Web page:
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Letters to The Man, Politics, Technology

What’s up with JPG Magazine?

So, I was checking up on my Flickr buddies when I saw Malavagma posted a screenshot, showing that she had deleted her JPG Magazine account. Why? Because the founders had been pushed out. Derek Powazek tells his account of how JPG came to be as an effort coordinated between he, his wife, and a guy named Paul. But as things evolved, the guy named Paul quietly managed to take things over, and recently, Paul decided to rewrite history. Derek’s post explains:

. . . once we looked at the spec for JPG 2.0, we realized that, if we built that tool, we could make a magazine on any topic. The opportunity we had before us was really “Magazine Publishing 2.0.”

. . .

Paul and I talked about all the different magazines we’d start, but ultimately decided to begin with JPG. The brand had two years of momentum behind it and a strong community. 8020 bought JPG from Heather and I for a modest sum.

. . .

We are no longer working for JPG Magazine or 8020 Publishing.

Why? The reasons are complicated, and the purpose of this post is not to air dirty laundry – it’s just to let the community know why the founders of JPG are no longer there. We owe you that much.

In one evening, Paul removed issues 1-6 from the JPG website, removed Heather from the About page, and deleted the “Letter from the Editors” that had lived on the site since day one. Paul informed me that we were inventing a new story about how JPG came to be that was all about 8020. He told me not to speak of that walk in Buena Vista, my wife, or anything that came before 8020.

Here’s where the whole “not lying” thing comes in. I just could not agree to this new story. It didn’t, and still doesn’t, make any business sense to me. Good publishing companies embrace their founding editors and community, not erase them. Besides, we’d published six issues with participation from thousands of people. There’s no good reason to be anything but proud of that.

We had a long meeting with Ron. I tried to compromise. I suggested we add text to the website, explaining the difference between issues 1-6 and the new issues. I wanted to embrace the truth: Tell people how we started, how we grew, and what we were now. It’s the story of how a successful, organic community begins. It’s the story of how authentic media gets made. And it has the added benefit of being true. Compromise could not be reached.

It became clear that we could not continue to work together with this fundamental disagreement. And because he was the CEO, I was the one who would have to leave. I still own a percentage of the company, so I hope to see JPG continue to grow and prosper. Unfortunately, it will be without its founding editors.

Note: Typos corrected and the emphasis is mine.

So . . . having recently subscribed to JPG Magazine, and having my own account, I had to consider . . . what do I do?

hooray

“Never attribute to malice what can be ascribed to [something else].” Or, perhaps, “measure twice, cut once.” I figured I’d take a stab at “fact checking” . . .

So, I took a look at JPG’s About Page to see the newly-revised history. Okay, no mention of “Publishing 2.0” or a walk in Buena Vista Park. Let us see what truth is being buried. I pulled up the old About Page from archive.org. Interestingly, no mention of Publishing 2.0 or a walk in Buena Vista Park either. A passionately proud ramble about the hard-working efforts of a fascinating husband and wife team who through pluck and hard work and determination brought a community together and started a visionary new collaborative magazine.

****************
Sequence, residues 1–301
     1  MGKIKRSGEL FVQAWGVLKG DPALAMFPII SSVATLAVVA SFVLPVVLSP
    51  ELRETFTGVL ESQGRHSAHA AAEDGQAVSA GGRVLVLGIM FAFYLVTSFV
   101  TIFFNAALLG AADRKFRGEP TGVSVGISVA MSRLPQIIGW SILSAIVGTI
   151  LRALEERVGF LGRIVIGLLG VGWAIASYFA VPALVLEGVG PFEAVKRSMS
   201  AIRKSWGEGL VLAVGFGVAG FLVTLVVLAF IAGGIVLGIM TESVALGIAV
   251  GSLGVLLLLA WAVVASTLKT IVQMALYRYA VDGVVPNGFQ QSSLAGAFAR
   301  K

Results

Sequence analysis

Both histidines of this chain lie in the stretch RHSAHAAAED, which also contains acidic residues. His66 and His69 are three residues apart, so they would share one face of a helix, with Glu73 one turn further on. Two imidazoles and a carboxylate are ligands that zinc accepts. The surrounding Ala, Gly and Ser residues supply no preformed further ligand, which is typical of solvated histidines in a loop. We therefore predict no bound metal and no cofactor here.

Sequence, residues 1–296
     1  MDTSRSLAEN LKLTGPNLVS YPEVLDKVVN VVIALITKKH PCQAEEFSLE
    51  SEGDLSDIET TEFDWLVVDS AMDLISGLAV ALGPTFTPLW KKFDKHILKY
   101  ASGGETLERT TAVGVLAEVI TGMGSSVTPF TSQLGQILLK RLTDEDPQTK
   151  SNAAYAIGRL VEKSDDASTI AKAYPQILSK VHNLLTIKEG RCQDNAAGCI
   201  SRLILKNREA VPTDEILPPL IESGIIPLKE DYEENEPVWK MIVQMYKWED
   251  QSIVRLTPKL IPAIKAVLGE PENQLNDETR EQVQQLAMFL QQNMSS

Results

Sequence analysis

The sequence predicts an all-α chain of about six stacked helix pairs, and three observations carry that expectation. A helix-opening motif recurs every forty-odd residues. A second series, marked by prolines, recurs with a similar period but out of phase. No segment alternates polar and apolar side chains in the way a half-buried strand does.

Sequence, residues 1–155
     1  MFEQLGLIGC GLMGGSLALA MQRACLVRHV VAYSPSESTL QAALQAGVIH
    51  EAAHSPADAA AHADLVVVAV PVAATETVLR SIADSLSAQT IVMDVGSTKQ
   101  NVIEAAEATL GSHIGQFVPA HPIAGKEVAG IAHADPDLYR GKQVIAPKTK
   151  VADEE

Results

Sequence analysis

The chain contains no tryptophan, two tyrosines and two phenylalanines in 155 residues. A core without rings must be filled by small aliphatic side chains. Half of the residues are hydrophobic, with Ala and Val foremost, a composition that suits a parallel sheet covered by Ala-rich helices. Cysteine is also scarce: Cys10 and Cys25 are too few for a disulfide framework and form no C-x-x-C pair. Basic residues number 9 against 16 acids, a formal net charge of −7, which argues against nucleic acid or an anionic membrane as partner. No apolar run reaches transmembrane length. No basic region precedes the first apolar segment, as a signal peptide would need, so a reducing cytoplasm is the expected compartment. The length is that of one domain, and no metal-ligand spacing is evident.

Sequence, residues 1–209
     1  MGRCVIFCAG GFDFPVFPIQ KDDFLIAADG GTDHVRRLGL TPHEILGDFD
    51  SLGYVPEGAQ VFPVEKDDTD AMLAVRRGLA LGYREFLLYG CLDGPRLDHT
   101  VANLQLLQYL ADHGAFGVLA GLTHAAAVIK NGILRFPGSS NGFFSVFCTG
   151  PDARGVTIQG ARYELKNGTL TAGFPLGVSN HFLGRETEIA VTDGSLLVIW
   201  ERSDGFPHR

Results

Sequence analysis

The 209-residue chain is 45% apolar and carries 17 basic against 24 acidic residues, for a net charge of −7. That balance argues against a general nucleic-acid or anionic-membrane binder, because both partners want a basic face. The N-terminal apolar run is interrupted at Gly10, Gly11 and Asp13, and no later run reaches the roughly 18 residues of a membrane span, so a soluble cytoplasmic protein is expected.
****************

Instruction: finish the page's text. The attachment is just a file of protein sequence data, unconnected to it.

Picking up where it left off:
From what I can tell, the effort to re-write history amounts to a site re-design which moves from trumpeting the achievements of one married couple, to acknowledge the contributions of a larger team of staff.

And what of removing the first six issues from the site? True, the current Issues page lists only the past four issues. But, if you select a contemporary issue, then change the number in the URL, you’ll find that the first six issues are still on the web site. Removed? No . . . but not linked. If you look at the Issue 6 page, there’s a link to buy the issue from the previous publishing platform, lulu.com. Subsequent issues have a subscribe link instead. Why? I don’t know, but “lies about the true history” of the magazine does not feel like the most intuitive answer. In fact, if you scroll the 8020 Blog you’ll see Derek’s explanation of 8020’s origins.

So . . . . . . I don’t know what the story is. Maybe Paul Clautier is a greedy dick. Maybe he is a well-intentioned businessman who had difficult “creative differences” with the founding team. What I can see is that Derek Powazek feels very passionately about his pursuits, and feels that 8020 and JPG should “embrace their founding editors” but the way they agreed to set things up . . . . well, it sounds like Derek now has a great deal of flexibility to pursue his next ambition.

I fail to see any lying. Although I live in San Francisco, I fail to see why I should feel oppressed by The Man. I don’t see any point to deleting my account, beyond the fact that I don’t use it, much.

But if they don’t send me my damn “Ultra-pod” already, I may begin to feel differently.

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Categories: Letters to The Man, Politics, Technology

  • If you read closely, he never says that the walk in Buena Vista was in the “Letters from the Editors.”

    “In one evening, Paul removed issues 1-6 from the JPG website, removed Heather from the About page, and deleted the “Letter from the Editors” that had lived on the site since day one. Paul informed me that we were inventing a new story about how JPG came to be that was all about 8020. He told me not to speak of that walk in Buena Vista, my wife, or anything that came before 8020.”

    Derek claims Paul just told him not talk about it.